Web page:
So you think your smartphone is secure?

Not according to CBS’s ’60 Minutes’ program.

Hering is a hacker himself, he’s the 30-something whiz who cofounded the mobile security company “Lookout” when he was 23. Lookout has developed a free app that scans your mobile phone for malware and alerts the user to an attack.

Sharyn Alfonsi: How likely is it that somebody’s phone has been hacked?

John Hering: In today’s world there’s really only — two types of companies or two types of people which are those who have been hacked and realize it and those who have been hacked and haven’t.

Sharyn Alfonsi: How much do you think people have been kind of ignoring the security of their cellphones, thinking, “I’ve got a passcode, I must be fine?”

John Hering: I think that most people have not really thought about their phones as computers. And that’s really starting to shift.

Sharyn Alfonsi: And that’s what you think– it’s like having a laptop now?

John Hering: Oh absolutely. I mean, your mobile phone is effectively a supercomputer in your pocket. There’s more technology in your mobile phone than was in, you know, the space craft that took man to the moon. I mean, it’s — it’s really unbelievable.

Sharyn Alfonsi: Is everything hackable?

John Hering: Yes.

Sharyn Alfonsi: Everything?

John Hering: Yes.

Sharyn Alfonsi: If somebody tells you, “You can’t do it.”

John Hering: I don’t believe it.

There’s much more at the link.  Highly recommended – and disturbing – reading.



  1. If you are hooked to the internet in any way; you are not secure. Because what one man can do; another can undo.

  2. Hey Peter;
    That is why I limit what is on my phone…no financial data. Also I use the "lookout" app. I consider it very good.

  3. Ditto MrGarabaldi: the phone is not for financial data, confidential documents, singing-in-the-shower vids, etc.
    If someone gets ahold of my mobe snaps of the cats, things seen on morning walks, and various (non-secret) work-related hardware, it's no big deal.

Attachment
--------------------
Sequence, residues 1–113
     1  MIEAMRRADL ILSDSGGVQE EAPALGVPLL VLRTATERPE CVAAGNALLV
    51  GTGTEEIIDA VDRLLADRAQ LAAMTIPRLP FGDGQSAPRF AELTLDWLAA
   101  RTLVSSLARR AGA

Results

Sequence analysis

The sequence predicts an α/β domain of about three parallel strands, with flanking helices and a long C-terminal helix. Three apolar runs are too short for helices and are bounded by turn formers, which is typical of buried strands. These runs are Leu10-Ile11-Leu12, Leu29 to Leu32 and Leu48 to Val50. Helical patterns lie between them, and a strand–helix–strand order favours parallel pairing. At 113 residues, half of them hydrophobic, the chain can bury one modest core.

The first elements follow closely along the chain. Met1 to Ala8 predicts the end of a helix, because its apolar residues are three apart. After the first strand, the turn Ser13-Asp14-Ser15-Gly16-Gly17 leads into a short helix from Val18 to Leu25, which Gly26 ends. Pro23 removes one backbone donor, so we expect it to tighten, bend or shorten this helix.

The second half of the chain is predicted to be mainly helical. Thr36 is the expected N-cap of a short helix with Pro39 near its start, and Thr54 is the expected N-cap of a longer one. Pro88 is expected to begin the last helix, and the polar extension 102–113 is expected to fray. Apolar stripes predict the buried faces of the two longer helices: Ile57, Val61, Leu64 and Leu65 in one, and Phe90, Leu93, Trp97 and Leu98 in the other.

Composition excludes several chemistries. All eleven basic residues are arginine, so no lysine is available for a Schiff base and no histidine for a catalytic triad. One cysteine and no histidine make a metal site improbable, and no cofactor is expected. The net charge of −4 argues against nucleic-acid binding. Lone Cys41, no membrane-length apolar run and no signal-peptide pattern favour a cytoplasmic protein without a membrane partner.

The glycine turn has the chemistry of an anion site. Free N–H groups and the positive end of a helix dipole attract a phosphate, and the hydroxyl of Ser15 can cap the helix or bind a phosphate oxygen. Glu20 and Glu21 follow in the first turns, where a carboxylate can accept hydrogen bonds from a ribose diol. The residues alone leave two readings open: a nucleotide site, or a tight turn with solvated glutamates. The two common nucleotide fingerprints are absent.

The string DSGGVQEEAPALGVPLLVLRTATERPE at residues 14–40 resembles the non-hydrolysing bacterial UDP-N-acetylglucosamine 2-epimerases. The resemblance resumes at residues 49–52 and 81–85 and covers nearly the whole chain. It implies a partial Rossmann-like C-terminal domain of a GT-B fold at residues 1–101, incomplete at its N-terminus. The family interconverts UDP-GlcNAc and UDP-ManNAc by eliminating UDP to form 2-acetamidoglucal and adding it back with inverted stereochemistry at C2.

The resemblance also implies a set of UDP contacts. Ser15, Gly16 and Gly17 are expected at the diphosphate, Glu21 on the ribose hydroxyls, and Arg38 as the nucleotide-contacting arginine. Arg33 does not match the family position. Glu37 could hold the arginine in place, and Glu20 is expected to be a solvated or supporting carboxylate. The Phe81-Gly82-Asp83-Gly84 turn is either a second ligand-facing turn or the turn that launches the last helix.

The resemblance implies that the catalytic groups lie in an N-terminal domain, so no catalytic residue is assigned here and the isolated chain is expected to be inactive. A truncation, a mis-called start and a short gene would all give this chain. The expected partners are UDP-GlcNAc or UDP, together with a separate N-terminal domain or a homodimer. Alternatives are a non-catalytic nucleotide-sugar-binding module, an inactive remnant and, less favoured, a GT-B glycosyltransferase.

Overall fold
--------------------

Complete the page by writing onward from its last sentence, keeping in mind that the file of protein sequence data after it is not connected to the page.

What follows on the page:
If I lose the phone, I gotta change a couple of passwords, but they're not for anything critical. (And, at the next infrastructure iteration, I'll probably change that from "change passwords" to "revoke certificates", and make sure no actual passwords are stored on the phone at all.)
    It's kind of alarming to see the hints of how much Google is learning about me from my phone… but kind of reassuring to note that some of it is wildly wrong (e.g., Google's idea of where I work, based on where I go first thing on weekday mornings).

    1. And now their evil AI is correcting that mistake… just kidding…mostly. God bless!

  4. There is a reason why I recommend the Nexus phones. They actually get security updates in a timely manner.

    Now, that doesn't mean that they can't be hacked, but it is much harder than the phone/tablet that is released and then never updated again.

    If someone can't get a Nexus device, I recommend phones that can run Cyanogenmod (i.e., someone has already gotten an official port done) since they update fairly regularly.

    It doesn't help that most of the devices are running kernels that are never updated, regardless of the rest of the operating system.

    Yeah, android is (mostly) not pretty.

  5. While everything is hackable, some hacks are easier than others. This was exceptionally difficult in a couple of ways. It made for good TV, but most people should worry about password security or phishing/social engineering attacks and keeping their system updated instead.

  6. A lot of the intercept attacks were (they said) aimed t SS7 (these were the guys in Berlin). Mmmm, that's not about cell phones. That's about the digital interconnect IIRC. Actually more troubling IMO.

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